The zombie is perhaps the most played out character in pop culture today. It seems every movie, every book, every game, every app... all of them now seem to feature some kind of zombie or zombie-related phenomenon. I, frankly, was sick of the craze as far back as two years ago, yet for some reason the monster continues to be an ever-present entity in all entertainment media. Whatever. So yeah, like Black Ops, Black Ops II has a totally self-contained (and considerably beefed-up) zombie mode. Surprise, surprise. As much as it pains me to admit it, I actually had fun with this part of the game.

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The main zombie survival is handled just like it was before: You (and three friends if you like) stand your ground against the waves of oncoming brain-eaters until the last man falls. You can also compete against another team to see who can last the longest, but neither scenario was all that much fun for me. The new mode, Tranzit, is where the inclusion and expansion of the zombie stuff is most welcome. Here, you and your team are plopped into what looks like a world comprised of unused set pieces from Tim Burton's Batman Returns. Players move from locale to locale by way of a robot-driven city bus and must clear each area of zombies before moving on. It connects the single maps into a living, breathing world, and even offers multiple paths (watch out for the flying monsters!) and tons of secrets to uncover. Survival may feel a little tired at this point, especially with zombies as the antagonist, but Tranzit ends up being a whole game in and of itself, rivaling the Left 4 Dead games for zombie shooting superiority.

Now we can finally get to where I'm most comfortable - the single player campaign. Despite my objections to the offensively violent content, Black Ops II's campaign should stand as a testament that multiplayer titles don't have to neglect the single player aspects when getting things together. The campaign tells the story of father/son soldiers Alex and David Mason in both the 1980's and year 2025. The plot centers on a Dr. Evil-style bad dude Raul Menendez, his plans to draw the entire world into a massive conflict and his personal vengeance for the Mason family. It can be tough to keep up with things as the game jumps back and forth in time, and the plot can border on the absolutely ridiculous but it mostly gets the job done. I didn't have any more connection to any of the characters at the end than I did from the get-go, but the loose story just barely holds the huge set piece moments together.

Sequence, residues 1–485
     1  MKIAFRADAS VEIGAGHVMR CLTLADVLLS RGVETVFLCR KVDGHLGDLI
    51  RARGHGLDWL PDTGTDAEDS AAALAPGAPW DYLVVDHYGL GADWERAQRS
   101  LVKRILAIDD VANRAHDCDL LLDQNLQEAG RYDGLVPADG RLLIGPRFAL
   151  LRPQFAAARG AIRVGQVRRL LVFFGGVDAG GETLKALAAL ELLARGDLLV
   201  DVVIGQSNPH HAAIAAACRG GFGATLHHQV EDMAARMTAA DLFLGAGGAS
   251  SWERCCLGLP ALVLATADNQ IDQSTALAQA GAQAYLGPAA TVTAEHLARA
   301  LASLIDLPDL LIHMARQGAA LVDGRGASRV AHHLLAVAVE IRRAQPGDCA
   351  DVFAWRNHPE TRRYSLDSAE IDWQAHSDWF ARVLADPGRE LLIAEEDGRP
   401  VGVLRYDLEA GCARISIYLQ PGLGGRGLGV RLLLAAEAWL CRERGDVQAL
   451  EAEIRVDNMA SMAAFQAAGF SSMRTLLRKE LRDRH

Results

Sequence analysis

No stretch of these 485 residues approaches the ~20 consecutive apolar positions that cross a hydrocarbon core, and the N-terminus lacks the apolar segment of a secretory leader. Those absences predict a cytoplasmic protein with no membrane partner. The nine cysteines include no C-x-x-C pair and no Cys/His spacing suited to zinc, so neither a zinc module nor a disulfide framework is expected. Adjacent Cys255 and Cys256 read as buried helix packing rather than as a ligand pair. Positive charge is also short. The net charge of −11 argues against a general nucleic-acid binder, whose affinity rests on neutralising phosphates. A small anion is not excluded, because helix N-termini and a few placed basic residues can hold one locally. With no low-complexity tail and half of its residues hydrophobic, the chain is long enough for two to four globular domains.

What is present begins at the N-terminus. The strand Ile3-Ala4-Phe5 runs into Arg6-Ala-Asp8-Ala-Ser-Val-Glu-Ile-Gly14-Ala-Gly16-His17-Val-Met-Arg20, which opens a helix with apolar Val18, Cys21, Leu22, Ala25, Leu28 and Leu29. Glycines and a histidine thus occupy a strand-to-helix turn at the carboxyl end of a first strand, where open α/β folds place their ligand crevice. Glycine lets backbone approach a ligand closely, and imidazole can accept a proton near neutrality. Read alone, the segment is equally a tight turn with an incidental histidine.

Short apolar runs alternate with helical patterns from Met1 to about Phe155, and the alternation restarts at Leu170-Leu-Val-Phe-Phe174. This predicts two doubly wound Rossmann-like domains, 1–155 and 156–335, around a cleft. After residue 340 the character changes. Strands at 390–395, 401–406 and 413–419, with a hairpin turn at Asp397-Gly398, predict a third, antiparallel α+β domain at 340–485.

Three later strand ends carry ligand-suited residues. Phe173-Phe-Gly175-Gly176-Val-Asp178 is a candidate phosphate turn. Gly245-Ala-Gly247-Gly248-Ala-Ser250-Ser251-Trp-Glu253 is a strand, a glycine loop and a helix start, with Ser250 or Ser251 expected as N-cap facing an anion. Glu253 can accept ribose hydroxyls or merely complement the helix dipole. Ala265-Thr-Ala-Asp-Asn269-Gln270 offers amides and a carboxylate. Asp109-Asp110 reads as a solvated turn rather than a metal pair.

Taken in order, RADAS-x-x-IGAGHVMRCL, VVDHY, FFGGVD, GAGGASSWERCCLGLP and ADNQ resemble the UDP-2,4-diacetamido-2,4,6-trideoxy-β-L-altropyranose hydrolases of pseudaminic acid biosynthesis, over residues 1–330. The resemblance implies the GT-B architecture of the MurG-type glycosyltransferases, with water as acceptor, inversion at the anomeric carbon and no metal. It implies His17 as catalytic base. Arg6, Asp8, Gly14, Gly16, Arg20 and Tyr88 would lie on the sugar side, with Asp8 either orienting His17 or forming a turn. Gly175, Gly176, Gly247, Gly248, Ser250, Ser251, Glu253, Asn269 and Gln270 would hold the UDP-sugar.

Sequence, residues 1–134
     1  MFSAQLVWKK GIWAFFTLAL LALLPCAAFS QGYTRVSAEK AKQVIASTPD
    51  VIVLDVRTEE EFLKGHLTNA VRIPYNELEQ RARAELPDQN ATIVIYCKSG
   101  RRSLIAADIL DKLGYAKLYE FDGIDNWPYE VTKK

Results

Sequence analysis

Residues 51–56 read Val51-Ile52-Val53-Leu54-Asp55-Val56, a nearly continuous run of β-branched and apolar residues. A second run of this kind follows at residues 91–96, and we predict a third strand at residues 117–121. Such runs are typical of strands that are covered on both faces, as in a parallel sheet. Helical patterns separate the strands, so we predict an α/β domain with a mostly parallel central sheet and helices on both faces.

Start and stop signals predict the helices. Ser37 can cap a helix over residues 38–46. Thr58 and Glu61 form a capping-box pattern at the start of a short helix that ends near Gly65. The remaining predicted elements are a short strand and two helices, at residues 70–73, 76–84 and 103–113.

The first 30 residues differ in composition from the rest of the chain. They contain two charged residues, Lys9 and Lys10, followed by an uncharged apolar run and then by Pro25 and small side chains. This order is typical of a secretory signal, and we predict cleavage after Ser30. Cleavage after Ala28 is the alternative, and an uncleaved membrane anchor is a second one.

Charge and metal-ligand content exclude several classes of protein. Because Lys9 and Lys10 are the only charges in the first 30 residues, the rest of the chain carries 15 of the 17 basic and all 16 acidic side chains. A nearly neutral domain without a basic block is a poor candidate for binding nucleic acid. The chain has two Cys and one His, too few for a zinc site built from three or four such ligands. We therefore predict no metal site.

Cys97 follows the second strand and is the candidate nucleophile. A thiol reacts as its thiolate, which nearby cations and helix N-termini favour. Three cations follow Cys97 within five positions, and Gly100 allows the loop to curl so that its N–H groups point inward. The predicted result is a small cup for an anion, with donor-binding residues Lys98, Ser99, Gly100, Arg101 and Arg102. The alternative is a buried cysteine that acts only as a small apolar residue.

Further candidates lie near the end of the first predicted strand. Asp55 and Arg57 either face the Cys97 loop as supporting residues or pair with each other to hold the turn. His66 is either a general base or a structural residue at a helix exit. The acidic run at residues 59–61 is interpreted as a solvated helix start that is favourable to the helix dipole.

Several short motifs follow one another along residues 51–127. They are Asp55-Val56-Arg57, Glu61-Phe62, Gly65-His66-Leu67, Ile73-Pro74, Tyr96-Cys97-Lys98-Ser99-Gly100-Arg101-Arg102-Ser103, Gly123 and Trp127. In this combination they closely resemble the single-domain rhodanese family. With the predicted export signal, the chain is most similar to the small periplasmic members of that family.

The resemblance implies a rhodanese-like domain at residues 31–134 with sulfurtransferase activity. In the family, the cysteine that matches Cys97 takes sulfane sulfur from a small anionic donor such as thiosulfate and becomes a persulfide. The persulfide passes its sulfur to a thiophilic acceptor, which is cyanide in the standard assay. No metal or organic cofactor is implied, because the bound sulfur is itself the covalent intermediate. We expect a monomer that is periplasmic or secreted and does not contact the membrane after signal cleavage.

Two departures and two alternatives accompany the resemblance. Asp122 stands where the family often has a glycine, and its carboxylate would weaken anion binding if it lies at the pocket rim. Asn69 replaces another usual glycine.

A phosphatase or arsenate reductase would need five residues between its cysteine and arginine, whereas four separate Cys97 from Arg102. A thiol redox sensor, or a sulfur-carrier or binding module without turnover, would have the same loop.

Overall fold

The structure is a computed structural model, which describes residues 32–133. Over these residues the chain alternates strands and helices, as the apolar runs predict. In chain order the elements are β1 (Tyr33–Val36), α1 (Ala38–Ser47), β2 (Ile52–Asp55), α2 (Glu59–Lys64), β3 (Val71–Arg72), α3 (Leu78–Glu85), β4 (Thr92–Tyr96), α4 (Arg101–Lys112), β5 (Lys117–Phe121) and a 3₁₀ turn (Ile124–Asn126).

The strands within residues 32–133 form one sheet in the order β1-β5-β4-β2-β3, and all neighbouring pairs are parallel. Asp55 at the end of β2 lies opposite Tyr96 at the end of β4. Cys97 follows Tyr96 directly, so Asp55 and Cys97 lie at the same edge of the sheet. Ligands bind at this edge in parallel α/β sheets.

The most impressive part of Black Ops II is the gameplay. As you jump from level to level, you'll begin to see this as the realization of the modern shooter; this is the shooter developers have been struggling to make for decades. Shooting is tight and easy to control, movement is just the right balance between too slow and too floaty and you are always doing something new. For example, you'll start by charging across a dusty African plain, headlong into an opposing guerilla army. Then you are sneaking through tall grass while carrying a wounded teammate. Then you are attempting to bring down a helicopter while aboard a speeding boat. And just when that begins to get old, you are swinging across a sheer cliff face with some "I need to buy those right now" sticky gloves. This constant gameplay changing continues at the same clip through all 11 campaign levels, and at between 10-15 hours, the campaign feels exciting and just the right length. "Boring" isn't a word that can be slapped on any part of this single player game.

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You could argue that what I've just written about gameplay variety could be applied to all the past Call of Duty titles, and you are probably right. The thing is these games just keep raising the bar, and Black Ops II includes a choice system that elevates the gameplay even further. Though you only see it a few times, you'll be prompted at certain points to either kill or take prisoner a key bad guy. Your picks directly influence the end of the story, and a handy level select lets you go back and see how different choices affect the end result of the Masons' story. You could argue the choice mechanic and story outcomes adds replay to the single player campaign, and no one should ever underestimate the value of an extended solo mission.

The bottom line is that Call of Duty: Black Ops II is the best shooter of 2012, and also one of the best games overall. The multiplayer knocks it out of the park by catering to everyone's needs and skill level, the single player is one of the better shooter story modes I've played and the package, when viewed as a whole, just knocks it out of the park. I, personally, was extremely turned off by how violent and brutal the game gets at certain points in the campaign, but that doesn't mean it isn't a top-notch game that everyone can enjoy. Everyone over the age of 17, that is.

Final Rating: 90%. Call of Duty: Black Ops II is the best shooter of 2012, and also one of the best games overall.


Also reviewed on:
  •  · Wii U 
  •  · Xbox 360